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Mehwish Moiz

Space Exploration  - 
 
 
NIBIRU, also known as Planet X, is it getting close? Some are warning that Nibiru on its 3600 yearlong orbit is quickly nearing the Earth - and could cause global devastation! What are the facts, should you worry?
http://www.blue-planet-project.com/Nibiru-2015-Planet-X.html
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Kristin Gallo's profile photoImz Deodex's profile photo
2 comments
 
All I know is that Andromeda will hit us
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Akshobhya Jamadagni

Space Exploration  - 
 
 
Do you have the right stuff? Becoming an astronaut doesn't just happen overnight. It takes many years of education and experience to meet the basic qualifications.
Do you have the right stuff? Becoming an astronaut doesn't just happen overnight. It takes many years of education and experience to meet the basic qualifications.
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matthew holtom's profile photoazam karem aljboury's profile photoJoui & Jenny's profile photo
 
Man on the moon
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Adam Synergy

Space Exploration  - 
 
Let's Probe Uranus
A working group of scientists involved with outer solar system research met recently at a NASA-sponsored meeting to initiate the first steps along the road towards launching a Uranus Orbiter.
With a +European Space Agency, ESA  mission concept already in a design phase, scientists at +NASA Jet Propulsion Laboratory will now begin drawing up their plans for a mission in the mid 21st century. A study will be made of options, instruments, costs, rockets etc.. and a mission proposal will be discussed as part of the NASA Decadel Survey in 2020.
http://spaceflightnow.com/2015/08/25/uranus-neptune-in-nasas-sights-for-new-robotic-mission/
Ancient observers of the night sky had no way of knowing that the dim dot they believed a distant star, was the seventh planet from the Sun. 
On March 13th 1781 William Herschel made the first ever discovery of a planet using a telescope.
There have been some excellent observations of Uranus in recent years. The +Hubble Space Telescope  has shown us aurora appearing in the same plane as the equatorial rings, Astronomers at +W. M. Keck Observatory  have imaged infrared bright storms with 500 mph winds.
However, the best images we have of Uranus, its rings and the largest moons, come from the ten minutes of Voyager 2's closest approach in January 1986. Rather like the +NASA New Horizons  fly-by of Pluto nearly 30 years later, Voyager zoomed past on a one-way trip out of the solar system. Uranus, and Neptune are the two planetary bodies  yet to be orbited by a robotic spacecraft.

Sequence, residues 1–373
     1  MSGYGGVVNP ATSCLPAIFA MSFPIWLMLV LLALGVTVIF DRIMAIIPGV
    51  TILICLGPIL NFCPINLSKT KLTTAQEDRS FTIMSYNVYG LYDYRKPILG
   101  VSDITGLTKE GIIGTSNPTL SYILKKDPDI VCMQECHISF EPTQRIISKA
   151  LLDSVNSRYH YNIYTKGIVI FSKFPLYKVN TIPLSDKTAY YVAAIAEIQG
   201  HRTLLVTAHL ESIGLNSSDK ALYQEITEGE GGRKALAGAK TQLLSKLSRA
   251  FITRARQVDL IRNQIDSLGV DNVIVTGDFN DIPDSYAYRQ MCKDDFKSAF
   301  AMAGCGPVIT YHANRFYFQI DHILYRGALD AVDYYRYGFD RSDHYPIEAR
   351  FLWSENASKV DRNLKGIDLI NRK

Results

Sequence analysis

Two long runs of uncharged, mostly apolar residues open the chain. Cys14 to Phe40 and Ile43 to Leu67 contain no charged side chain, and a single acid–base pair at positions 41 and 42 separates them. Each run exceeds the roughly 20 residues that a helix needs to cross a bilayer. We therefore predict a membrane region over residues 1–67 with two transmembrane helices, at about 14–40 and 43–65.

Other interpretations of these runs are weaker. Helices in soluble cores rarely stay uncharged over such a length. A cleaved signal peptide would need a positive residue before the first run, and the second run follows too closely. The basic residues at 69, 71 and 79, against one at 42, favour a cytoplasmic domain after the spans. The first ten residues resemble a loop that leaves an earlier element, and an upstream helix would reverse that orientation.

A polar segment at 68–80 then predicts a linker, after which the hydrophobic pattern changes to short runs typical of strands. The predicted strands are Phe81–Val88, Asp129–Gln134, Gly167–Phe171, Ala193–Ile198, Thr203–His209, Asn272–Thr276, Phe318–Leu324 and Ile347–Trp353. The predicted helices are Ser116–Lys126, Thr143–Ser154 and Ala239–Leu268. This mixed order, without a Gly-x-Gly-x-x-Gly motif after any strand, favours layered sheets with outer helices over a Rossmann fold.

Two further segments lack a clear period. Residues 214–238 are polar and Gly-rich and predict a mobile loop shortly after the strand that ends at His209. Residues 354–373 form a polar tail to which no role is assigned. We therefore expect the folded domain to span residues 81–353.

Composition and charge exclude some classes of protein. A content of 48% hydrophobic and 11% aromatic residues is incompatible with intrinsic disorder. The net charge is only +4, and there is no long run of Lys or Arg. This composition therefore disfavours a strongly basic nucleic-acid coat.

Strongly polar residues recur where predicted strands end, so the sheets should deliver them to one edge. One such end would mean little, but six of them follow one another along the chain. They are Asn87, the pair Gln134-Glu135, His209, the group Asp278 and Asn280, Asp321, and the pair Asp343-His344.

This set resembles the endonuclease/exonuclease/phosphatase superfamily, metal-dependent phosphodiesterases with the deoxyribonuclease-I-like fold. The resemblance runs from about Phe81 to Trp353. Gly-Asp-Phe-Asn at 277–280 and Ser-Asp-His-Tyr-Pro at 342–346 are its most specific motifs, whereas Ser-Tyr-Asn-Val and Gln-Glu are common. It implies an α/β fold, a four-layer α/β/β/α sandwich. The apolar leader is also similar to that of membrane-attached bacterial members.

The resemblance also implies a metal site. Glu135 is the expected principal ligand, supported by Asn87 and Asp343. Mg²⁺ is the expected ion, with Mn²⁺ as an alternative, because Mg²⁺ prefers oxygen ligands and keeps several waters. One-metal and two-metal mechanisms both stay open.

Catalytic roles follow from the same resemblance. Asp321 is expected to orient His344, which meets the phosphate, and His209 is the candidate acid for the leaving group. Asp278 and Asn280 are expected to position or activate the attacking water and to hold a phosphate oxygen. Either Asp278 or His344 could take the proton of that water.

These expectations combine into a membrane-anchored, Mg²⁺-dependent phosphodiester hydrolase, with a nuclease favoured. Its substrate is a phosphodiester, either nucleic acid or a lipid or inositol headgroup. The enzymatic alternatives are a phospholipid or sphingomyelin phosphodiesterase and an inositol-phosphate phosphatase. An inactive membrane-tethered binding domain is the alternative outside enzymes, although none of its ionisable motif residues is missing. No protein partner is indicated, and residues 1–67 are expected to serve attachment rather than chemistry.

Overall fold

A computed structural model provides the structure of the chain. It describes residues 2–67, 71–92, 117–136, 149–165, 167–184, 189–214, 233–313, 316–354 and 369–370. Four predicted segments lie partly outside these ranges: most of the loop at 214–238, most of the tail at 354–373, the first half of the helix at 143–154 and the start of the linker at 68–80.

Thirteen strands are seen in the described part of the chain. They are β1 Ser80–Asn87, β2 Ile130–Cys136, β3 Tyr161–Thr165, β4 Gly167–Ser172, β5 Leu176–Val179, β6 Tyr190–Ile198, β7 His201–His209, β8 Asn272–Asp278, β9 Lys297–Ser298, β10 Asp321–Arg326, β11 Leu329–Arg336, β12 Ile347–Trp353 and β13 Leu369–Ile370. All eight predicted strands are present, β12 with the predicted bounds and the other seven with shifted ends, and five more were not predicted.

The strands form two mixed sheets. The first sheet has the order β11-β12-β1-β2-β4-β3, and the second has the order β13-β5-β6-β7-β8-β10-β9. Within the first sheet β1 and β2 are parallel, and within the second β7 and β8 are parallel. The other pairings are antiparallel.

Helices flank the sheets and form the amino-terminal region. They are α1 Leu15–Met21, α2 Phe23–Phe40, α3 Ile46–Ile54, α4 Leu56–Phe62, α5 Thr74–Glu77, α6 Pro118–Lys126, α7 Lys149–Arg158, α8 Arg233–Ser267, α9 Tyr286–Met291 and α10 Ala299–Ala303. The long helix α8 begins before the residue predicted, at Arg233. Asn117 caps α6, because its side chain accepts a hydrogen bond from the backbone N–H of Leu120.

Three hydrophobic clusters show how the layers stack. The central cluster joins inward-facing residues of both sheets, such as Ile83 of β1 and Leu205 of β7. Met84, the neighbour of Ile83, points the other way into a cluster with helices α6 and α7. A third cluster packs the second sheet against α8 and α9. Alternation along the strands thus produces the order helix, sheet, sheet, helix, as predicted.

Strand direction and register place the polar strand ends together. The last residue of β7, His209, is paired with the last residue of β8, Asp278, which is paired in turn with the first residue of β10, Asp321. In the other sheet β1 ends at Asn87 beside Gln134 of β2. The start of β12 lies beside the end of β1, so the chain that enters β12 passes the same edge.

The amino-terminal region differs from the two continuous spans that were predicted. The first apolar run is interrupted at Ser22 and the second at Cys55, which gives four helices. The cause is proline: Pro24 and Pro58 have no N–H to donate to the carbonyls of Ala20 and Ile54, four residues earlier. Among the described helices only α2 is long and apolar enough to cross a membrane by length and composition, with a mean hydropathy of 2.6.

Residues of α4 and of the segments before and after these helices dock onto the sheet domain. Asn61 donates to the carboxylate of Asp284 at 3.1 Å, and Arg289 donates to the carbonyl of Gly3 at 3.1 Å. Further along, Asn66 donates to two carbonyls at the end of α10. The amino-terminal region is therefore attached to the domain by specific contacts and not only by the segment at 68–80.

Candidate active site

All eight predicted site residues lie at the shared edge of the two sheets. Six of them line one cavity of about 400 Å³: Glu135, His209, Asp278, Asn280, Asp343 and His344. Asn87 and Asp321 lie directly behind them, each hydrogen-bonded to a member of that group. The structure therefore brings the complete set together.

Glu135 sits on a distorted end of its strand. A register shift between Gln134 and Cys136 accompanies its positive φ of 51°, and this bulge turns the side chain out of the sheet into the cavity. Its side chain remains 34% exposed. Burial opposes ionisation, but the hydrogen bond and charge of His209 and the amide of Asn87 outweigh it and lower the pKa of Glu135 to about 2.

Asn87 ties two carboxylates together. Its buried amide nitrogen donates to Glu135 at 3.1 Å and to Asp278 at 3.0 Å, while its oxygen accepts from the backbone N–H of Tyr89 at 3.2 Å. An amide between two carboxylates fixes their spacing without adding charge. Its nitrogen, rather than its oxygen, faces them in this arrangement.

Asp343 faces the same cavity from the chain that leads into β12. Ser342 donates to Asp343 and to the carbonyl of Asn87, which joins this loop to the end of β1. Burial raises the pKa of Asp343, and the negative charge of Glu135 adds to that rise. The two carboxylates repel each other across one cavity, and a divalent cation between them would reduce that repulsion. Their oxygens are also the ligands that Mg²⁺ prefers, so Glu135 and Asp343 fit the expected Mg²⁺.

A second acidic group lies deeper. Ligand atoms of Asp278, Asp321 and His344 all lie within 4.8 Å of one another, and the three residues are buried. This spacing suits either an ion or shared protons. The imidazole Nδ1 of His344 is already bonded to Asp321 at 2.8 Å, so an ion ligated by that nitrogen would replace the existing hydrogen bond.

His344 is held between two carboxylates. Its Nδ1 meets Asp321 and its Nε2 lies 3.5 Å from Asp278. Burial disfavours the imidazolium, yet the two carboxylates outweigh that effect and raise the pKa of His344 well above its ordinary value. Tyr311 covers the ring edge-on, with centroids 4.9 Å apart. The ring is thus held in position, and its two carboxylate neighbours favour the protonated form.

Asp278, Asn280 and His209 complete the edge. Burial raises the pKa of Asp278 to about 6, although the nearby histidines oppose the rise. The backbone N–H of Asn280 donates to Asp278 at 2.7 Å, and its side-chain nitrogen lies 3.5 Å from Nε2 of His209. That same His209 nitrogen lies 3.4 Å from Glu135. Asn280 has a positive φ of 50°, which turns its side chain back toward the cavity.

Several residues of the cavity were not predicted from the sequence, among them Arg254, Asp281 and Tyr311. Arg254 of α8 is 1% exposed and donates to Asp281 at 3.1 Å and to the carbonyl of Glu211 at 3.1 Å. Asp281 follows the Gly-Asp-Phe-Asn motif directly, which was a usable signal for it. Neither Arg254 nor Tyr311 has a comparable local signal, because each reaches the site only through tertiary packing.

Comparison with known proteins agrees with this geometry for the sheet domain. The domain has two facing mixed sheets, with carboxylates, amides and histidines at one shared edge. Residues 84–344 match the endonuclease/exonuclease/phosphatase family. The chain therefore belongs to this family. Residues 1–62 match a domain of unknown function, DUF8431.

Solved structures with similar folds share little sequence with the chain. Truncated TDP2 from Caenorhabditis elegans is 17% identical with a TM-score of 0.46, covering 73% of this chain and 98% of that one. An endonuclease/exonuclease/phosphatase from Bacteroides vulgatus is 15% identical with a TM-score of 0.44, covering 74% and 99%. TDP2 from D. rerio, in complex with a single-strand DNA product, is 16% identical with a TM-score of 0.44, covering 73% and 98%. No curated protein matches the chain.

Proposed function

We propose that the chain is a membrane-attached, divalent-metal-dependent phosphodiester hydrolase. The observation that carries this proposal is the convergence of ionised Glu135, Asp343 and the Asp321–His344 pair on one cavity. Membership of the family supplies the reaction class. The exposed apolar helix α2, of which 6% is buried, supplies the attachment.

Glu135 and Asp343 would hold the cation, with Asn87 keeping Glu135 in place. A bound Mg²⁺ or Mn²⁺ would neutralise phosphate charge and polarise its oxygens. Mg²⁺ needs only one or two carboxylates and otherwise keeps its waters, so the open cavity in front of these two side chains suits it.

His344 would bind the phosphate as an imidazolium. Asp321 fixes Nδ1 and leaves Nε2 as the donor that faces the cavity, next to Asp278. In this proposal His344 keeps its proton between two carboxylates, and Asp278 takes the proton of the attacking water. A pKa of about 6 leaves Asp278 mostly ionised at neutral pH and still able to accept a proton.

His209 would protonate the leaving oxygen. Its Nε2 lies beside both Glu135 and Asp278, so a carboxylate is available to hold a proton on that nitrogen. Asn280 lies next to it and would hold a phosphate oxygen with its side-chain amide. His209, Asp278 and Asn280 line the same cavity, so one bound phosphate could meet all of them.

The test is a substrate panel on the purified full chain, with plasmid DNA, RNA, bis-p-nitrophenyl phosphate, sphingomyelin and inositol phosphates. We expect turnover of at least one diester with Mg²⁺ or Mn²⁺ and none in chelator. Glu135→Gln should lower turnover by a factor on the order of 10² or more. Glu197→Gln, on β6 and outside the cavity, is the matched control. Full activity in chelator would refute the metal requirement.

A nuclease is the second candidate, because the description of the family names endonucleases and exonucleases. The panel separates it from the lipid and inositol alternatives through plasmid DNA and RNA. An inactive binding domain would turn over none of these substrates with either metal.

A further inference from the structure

Image Credit : NASA/JPL-Caltech/Voyager.
                          Space Telescope Science Institute.
                          W M Keck Observatory.
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Kevin C

Space Exploration  - 
 
 
The author of "The Martian" suspects a lack of cooperation from Congress will push NASA's first manned mission to the Red Planet back to the middle of the century.
The author of "The Martian" suspects a lack of cooperation from Congress will push NASA's first manned mission to the Red Planet back to the middle of the century.
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Mike Oswald's profile photoBethany Lynn's profile photoAn - Chung Lin's profile photo
4 comments
 
Not necessarily the case. The problem, which is a big one, how to protect astronauts beyond the earth's protective magnetic field. One week out there with materials used today, their brains will be fried in 10 to 14 days
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Guillaume Couture

Space Exploration  - 
 
India's first mission to Mars has captured a stunning new 3D view of Ophir Chasma, a portion of the massive Valles Marineris system that stretches across much of the planet's equator.
(Credit: ISRO)
Link to full story: http://www.space.com/30367-india-mars-probe-3d-chasm-photos.html
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Julia Pester's profile photoKenneth Drexler's profile photoFrederick Lake's profile photo
2 comments
 
A big blob of nothing; a desert of naturalism in a natural universe.
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Thorfinn Hrolfsson

Space Exploration  - 
 
New research from a team led by Carnegie’s Robert Hazen predicts that Earth has more than 1,500 undiscovered minerals and that the exact mineral diversity of our planet is unique and could not be duplicated anywhere in the cosmos.

Minerals form from novel combinations of elements. These combinations can be facilitated by both geological activity, including volcanoes, plate tectonics, and water-rock interactions, and biological activity, such as chemical reactions with oxygen and organic material.